Or: how to replace the word “failure” with “learning”
In my innovation masterclasses, the theme of wanting to get things right and always have the “perfect” solution comes up time and time again.
Getting it right first time is a great aspiration, and there’s nothing wrong with that in principle. The challenge is that, by definition, when we are innovating in business we are working on commercialising something that hasn’t been done before. We can use data and analysis, look at what has happened elsewhere and the rest of it, but if we are doing something new it’s rare than we can predict with complete accuracy how the market will respond, and how well our ideas will work in practice. So being comfortable with failure (I prefer to replace the word “failure” with “learning”) is essential if you want to grow your business.
What is failure?
If you ask ten people what failure is, the chances are that you’re going to get ten very different answers. By definition, failure is “…the state or condition of not meeting a desirable or intended objective.” So, failure is not succeeding in your goals. The problem is that people see failure as a bad thing, something to fear, something to avoid. Failure may be an experience that you try to avoid, but you can learn something when you fail. It’s a critical part of your growth as a person and as a business owner.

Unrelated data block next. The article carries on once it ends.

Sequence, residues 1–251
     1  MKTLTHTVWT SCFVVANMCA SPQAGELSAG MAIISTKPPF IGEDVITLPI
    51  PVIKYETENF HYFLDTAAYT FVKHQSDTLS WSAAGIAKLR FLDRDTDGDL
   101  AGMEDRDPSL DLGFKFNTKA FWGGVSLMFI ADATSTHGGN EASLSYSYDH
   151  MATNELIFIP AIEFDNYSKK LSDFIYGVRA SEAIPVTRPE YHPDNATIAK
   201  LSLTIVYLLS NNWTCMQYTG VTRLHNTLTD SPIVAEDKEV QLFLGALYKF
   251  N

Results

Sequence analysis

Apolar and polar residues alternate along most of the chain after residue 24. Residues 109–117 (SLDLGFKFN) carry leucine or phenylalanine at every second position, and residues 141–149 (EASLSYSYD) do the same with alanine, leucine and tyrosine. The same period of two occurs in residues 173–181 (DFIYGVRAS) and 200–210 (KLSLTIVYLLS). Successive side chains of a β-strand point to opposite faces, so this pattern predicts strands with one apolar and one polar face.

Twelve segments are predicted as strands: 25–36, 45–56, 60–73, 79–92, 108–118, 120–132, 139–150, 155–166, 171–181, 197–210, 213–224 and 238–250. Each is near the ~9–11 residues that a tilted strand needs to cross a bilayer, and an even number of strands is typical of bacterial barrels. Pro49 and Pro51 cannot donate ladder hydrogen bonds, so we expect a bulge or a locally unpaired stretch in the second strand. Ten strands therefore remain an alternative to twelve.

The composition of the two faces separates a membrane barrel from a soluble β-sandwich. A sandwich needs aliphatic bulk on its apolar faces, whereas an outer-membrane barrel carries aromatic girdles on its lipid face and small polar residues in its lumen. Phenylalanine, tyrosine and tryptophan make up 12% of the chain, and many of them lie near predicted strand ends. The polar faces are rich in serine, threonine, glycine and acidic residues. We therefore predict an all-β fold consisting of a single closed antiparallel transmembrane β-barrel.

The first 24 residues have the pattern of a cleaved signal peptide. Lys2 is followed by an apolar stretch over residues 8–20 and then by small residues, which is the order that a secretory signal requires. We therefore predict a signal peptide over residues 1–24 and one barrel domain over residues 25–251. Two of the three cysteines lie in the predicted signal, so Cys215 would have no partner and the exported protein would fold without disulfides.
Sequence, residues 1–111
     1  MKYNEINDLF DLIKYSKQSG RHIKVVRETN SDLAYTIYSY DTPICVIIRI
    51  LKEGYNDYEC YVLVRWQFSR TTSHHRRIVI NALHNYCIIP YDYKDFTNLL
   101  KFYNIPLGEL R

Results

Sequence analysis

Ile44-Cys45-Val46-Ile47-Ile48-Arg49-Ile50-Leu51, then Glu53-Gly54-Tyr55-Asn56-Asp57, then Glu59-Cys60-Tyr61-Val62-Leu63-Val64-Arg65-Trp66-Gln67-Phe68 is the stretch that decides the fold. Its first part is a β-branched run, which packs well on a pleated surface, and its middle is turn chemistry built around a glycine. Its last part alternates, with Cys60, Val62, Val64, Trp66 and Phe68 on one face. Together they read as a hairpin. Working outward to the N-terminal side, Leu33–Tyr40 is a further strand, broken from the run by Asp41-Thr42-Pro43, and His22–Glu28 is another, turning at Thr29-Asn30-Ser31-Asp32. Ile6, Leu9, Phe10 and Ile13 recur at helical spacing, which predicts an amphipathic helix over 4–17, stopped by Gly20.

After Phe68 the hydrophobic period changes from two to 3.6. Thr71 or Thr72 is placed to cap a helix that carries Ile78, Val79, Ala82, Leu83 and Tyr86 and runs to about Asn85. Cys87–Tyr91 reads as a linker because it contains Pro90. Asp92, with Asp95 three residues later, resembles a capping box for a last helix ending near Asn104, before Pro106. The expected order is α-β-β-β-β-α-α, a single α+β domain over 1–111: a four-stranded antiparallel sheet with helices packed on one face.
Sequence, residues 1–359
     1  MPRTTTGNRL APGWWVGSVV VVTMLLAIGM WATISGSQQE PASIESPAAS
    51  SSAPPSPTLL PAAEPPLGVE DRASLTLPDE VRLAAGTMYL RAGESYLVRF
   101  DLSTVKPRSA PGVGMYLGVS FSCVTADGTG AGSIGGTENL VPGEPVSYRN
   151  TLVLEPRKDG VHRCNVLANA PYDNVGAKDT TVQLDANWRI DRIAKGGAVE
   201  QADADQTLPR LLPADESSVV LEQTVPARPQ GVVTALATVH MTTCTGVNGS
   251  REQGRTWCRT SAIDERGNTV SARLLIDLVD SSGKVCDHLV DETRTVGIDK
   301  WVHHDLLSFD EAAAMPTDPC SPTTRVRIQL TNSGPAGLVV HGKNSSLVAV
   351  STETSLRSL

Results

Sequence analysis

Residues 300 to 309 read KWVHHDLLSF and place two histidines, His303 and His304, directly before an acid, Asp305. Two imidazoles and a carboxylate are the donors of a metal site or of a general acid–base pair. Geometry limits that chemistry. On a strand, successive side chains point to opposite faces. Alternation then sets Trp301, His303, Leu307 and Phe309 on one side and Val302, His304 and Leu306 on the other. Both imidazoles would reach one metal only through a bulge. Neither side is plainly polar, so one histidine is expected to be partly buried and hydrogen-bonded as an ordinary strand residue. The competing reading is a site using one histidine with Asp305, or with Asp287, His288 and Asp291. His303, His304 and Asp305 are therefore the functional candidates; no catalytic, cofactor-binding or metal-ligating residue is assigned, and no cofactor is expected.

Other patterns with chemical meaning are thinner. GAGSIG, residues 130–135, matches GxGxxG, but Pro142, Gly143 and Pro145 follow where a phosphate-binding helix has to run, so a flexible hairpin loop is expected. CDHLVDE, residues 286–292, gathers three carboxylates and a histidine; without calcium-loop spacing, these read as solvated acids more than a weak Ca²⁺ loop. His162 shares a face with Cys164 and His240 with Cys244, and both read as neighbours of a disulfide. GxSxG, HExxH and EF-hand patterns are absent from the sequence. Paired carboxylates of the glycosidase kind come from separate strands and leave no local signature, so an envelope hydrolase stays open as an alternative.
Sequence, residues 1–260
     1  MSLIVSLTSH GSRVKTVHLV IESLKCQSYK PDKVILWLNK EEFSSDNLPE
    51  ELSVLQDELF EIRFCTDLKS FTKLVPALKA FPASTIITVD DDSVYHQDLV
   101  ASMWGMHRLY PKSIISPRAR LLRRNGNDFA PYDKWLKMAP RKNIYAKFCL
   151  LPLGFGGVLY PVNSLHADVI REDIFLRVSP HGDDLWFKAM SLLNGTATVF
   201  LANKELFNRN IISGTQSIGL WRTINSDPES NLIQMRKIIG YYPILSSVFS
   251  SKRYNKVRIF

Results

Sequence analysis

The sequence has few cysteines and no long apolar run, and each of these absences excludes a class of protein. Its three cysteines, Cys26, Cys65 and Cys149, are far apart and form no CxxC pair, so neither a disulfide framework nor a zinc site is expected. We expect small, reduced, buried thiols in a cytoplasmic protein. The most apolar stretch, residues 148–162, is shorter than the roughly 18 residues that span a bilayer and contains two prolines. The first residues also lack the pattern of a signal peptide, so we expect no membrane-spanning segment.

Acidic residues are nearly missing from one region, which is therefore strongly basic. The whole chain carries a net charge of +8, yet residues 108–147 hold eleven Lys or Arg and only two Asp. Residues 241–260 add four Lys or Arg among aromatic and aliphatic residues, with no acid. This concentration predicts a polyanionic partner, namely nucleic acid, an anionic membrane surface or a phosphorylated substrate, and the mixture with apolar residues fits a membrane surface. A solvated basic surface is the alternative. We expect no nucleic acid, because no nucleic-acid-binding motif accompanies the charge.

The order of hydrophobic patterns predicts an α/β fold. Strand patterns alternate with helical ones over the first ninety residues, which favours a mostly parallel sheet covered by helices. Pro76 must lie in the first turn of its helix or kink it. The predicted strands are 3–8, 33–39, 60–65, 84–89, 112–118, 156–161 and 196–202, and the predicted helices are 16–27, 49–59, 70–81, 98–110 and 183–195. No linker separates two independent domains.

In business, failure is a stepping stone to success rather than something to stop you from achieving your goals. If you have been in a position where you have failed in executing goals in your business, that doesn’t make you a failure, it’s part and parcel of being an entrepreneur. The resilience that you show when you learn from it and bounce should be enough to give you the courage to continue in your path; you’ll just do it a little differently this time.
You see, failure is what will help you to learn how not to do something. Thomas Edison never believed that he failed to create the lightbulb. Instead, he realised that there were over 1,000 ways NOT to make a lightbulb and only one way to make it work. If he had given up after he failed the first ten times, the world would be a very different place. Each of his failures didn’t make him quit and give up; instead, they pushed him to learn and try again continuously.
A big part of growing your business is in experimentation, so there’s no need to quit if what you have tried doesn’t work the first time. It’s through failing that you can get to that next step – don’t be afraid to explore what failure means to you.
When your ideas fail